"Mentally, it's just something that you learn to overcome quickly. It certainly won't affect my preparations for the French Grand Prix. We've already looked at the best ways of optimising the strategy to help us move up the field and I guess I'll just have to pass some cars if I want to get into the points!"
Does the nature of the circuit help you plan an attacking race?
"Magny-Cours isn't the easiest place to overtake but it's certainly possible. You can dive down the inside into the Adelaide Hairpin and also have a look into the penultimate corner. But an area we can really focus on is the strategy - Magny-Cours has a relatively short pitlane which does open up the strategic options available to us in the race."
Returning to Europe, do you feel confident the team can maintain the sort of form it displayed in Monaco and Canada?
"Absolutely. Although the result in Canada may have been disappointing, our overall pace was a great boost for the whole team. Last year, we lacked a little bit of pace in high-speed corners, but this year's car definitely seems to have overcome those shortcomings. We are in good shape."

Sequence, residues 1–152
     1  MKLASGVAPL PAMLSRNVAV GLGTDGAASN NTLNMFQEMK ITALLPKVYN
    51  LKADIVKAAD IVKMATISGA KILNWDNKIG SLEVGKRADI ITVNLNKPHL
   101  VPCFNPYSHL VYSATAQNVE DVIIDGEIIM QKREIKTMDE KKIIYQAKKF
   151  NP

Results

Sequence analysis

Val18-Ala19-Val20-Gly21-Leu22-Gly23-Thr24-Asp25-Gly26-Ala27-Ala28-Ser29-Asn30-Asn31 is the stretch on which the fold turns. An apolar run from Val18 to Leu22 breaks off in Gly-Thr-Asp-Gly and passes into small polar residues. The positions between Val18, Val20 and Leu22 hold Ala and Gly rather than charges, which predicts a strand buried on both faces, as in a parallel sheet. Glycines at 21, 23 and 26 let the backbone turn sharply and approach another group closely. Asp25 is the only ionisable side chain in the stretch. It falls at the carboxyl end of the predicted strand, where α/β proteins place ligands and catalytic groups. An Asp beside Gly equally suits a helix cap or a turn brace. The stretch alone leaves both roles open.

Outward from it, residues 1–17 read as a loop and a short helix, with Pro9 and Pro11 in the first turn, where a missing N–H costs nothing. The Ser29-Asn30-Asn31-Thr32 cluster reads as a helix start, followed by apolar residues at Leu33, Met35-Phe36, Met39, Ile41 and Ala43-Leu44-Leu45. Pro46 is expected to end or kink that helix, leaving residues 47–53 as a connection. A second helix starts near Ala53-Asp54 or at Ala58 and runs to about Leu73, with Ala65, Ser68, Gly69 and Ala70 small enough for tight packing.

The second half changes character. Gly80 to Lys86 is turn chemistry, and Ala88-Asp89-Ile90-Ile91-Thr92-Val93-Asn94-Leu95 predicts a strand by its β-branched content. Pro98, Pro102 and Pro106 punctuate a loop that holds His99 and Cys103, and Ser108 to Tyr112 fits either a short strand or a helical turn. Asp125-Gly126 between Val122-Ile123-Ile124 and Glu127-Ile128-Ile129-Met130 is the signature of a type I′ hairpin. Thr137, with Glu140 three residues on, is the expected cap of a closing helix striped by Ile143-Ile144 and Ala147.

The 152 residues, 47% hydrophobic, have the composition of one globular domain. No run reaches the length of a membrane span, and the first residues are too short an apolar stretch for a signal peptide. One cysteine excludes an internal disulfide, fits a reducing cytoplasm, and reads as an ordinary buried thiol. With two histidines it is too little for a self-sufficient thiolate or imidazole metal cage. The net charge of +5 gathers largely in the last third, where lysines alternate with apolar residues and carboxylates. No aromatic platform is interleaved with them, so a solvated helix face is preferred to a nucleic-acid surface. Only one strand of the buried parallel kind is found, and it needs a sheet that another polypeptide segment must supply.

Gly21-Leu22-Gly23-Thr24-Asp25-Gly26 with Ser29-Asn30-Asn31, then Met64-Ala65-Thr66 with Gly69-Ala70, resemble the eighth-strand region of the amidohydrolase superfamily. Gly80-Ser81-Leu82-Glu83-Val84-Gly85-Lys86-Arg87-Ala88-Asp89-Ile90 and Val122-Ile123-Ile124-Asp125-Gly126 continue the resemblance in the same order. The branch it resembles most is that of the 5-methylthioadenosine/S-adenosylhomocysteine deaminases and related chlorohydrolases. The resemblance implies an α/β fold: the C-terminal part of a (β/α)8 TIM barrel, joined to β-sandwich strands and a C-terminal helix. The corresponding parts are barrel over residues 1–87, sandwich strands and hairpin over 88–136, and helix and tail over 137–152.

How do you rate the Magny-Cours circuit?
"I've always loved racing at this place. For a racing driver it's a bit of a challenge as there are some very high-speed corners and a couple of fast chicanes - and you can't just throw the car into them, it requires a lot of precision. They're the sort of corners I really love."
Some of your best races this year have been affected by bad luck, has that affected you?
"As I've been saying all season, I'm gradually getting to grips with this car even if the results haven't backed it up. And I really enjoy Magny-Cours so I'm looking forward to making progress throughout practice and being in a very good position for the race itself."
How would you evaluate your current position in the championship?